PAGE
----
The East Bay Community Law Center (EBCLC) is proud to announce it has ratified its second collective bargaining agreement. We mark this victory with recognition of the history that made our success possible. EBCLC is grateful to be in solidarity with movements worldwide in valuing the dignity and solidarity of workers.
“Our mission is to ensure our clients have representation and agency in systems of power. This requires diligent care of a client-centered staff who share knowledge, innovate legal strategies and win victories. The collective bargaining process enables the organization to be accountable about its own power to make our workers’ lives better,” said Co-Deputy Director Rosa Bay.
EBCLC has been a unionized nonprofit for four years. In that time, management and staff have been in consistent dialogue and collaboration to strengthen the workplace. The organization has attracted and retained staff committed to advancing women of color centered activation and solutions. Moreover, through the organization’s clinical teaching program, EBCLC has trained students on nonprofit structures that create better outcomes for clients and the sector.
“The bargaining process for nonprofits within social movements should, as much as possible, eschew the antagonism of labor relations in the corporate sector,” said Co-Deputy Director Jay Kim. “Those dynamics are rooted in the race for profit. Rather, we should recognize that managers and workers in our sector have allyship in wanting more investment in the communities we serve.”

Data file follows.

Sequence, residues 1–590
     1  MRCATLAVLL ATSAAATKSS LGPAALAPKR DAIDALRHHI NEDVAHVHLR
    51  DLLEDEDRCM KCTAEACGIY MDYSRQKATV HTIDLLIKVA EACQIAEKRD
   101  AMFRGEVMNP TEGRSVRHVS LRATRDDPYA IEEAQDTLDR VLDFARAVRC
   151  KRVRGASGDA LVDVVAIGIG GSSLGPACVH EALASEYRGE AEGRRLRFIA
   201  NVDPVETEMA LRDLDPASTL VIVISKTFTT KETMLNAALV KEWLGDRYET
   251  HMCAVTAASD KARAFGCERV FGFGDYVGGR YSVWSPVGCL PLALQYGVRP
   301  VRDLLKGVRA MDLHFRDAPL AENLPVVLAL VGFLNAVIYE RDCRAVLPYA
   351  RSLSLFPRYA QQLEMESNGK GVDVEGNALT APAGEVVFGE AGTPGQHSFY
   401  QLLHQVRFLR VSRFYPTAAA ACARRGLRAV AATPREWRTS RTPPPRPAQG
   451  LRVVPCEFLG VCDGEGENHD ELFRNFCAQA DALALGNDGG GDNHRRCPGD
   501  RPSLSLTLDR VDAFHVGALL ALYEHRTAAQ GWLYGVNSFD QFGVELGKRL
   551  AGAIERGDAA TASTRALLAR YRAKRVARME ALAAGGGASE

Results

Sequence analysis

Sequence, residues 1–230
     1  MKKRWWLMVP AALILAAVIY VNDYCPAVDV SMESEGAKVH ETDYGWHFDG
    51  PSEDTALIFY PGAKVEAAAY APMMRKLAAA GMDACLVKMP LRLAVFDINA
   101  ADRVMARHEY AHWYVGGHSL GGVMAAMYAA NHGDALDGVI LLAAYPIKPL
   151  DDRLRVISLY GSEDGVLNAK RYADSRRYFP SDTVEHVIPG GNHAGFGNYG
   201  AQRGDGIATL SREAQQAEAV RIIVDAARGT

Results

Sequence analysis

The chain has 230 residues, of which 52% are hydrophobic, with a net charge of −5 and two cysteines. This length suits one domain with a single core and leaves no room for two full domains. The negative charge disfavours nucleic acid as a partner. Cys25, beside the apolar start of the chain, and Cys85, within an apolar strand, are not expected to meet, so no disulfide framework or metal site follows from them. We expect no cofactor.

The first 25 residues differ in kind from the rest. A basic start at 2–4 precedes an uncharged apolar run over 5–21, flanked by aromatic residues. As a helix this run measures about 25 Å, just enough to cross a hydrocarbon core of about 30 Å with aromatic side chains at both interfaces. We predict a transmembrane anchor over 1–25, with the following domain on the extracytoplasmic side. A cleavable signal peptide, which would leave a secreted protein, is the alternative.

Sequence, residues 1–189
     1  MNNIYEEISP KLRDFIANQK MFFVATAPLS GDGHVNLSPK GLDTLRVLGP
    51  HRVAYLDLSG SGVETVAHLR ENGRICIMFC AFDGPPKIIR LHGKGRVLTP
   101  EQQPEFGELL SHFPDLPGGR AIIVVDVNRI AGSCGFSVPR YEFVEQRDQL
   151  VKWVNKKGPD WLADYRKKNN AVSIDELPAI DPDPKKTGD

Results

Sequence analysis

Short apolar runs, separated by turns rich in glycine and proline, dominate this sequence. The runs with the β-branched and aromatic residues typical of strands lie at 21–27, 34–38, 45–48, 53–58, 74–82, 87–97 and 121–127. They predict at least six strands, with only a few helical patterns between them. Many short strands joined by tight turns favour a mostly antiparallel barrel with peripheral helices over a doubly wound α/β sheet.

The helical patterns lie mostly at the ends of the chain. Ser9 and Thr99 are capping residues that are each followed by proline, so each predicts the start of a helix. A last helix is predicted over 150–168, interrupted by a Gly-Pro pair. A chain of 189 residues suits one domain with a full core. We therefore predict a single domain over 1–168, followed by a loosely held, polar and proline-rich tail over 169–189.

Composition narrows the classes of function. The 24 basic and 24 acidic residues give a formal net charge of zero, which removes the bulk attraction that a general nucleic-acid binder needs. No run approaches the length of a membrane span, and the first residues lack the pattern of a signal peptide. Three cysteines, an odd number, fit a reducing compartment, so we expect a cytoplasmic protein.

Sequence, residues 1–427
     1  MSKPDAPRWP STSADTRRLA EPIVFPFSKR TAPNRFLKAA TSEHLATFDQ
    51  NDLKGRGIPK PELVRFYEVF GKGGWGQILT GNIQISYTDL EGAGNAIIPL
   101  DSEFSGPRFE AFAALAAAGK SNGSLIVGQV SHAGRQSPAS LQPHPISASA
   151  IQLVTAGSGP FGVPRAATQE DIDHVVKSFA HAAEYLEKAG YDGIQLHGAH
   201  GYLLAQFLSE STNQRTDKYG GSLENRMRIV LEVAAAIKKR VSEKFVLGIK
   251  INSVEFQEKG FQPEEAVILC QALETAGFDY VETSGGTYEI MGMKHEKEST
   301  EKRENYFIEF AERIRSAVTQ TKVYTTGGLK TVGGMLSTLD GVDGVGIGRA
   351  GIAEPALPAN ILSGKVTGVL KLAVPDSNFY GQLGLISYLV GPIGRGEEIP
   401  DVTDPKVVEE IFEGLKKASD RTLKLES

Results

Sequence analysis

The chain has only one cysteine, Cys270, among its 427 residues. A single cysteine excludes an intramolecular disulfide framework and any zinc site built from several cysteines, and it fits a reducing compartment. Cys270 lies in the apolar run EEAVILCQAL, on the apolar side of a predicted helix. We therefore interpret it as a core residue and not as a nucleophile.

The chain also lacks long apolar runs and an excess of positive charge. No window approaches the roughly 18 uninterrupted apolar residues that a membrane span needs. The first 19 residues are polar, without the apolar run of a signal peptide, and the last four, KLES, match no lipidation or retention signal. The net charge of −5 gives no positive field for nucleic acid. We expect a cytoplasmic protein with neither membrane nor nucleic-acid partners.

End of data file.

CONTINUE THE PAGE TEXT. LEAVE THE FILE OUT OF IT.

“I am proud of the challenging and collective work that went into negotiating and finalizing our first successor contract. EBCLC workers united in a thoughtful critique of our initial contract, and worked collaboratively with management to continue to deepen this organization’s commitment to ensuring a safe, equitable, sustainable, and vibrant workplace for all staff members,” said Meghan Gordon, Co-Director of Housing Practice and member of the Bargaining Team.
EBCLC’s successor collective bargaining agreement includes a $58,000 salary floor, paid study leave for legal apprentices, legal workers who want to go to law school and social workers seeking clinical licensure, preferred provider health coverage, and special leave for employees who need gender-affirming care.